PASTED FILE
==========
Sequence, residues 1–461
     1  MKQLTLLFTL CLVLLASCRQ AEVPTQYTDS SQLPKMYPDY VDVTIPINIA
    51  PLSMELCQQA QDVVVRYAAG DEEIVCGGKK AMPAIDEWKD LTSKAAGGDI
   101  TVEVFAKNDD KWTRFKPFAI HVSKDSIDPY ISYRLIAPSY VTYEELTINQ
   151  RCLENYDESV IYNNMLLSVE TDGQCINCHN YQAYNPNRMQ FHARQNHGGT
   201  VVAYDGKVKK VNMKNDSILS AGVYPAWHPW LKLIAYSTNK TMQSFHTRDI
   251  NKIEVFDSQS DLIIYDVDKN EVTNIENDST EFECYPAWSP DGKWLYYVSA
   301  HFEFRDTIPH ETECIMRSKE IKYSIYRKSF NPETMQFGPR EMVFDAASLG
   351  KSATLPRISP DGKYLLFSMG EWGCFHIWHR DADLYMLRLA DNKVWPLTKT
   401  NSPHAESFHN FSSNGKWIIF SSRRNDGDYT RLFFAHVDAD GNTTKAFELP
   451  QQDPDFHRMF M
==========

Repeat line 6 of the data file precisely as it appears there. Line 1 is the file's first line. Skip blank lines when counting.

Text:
   201  VVAYDGKVKK VNMKNDSILS AGVYPAWHPW LKLIAYSTNK TMQSFHTRDI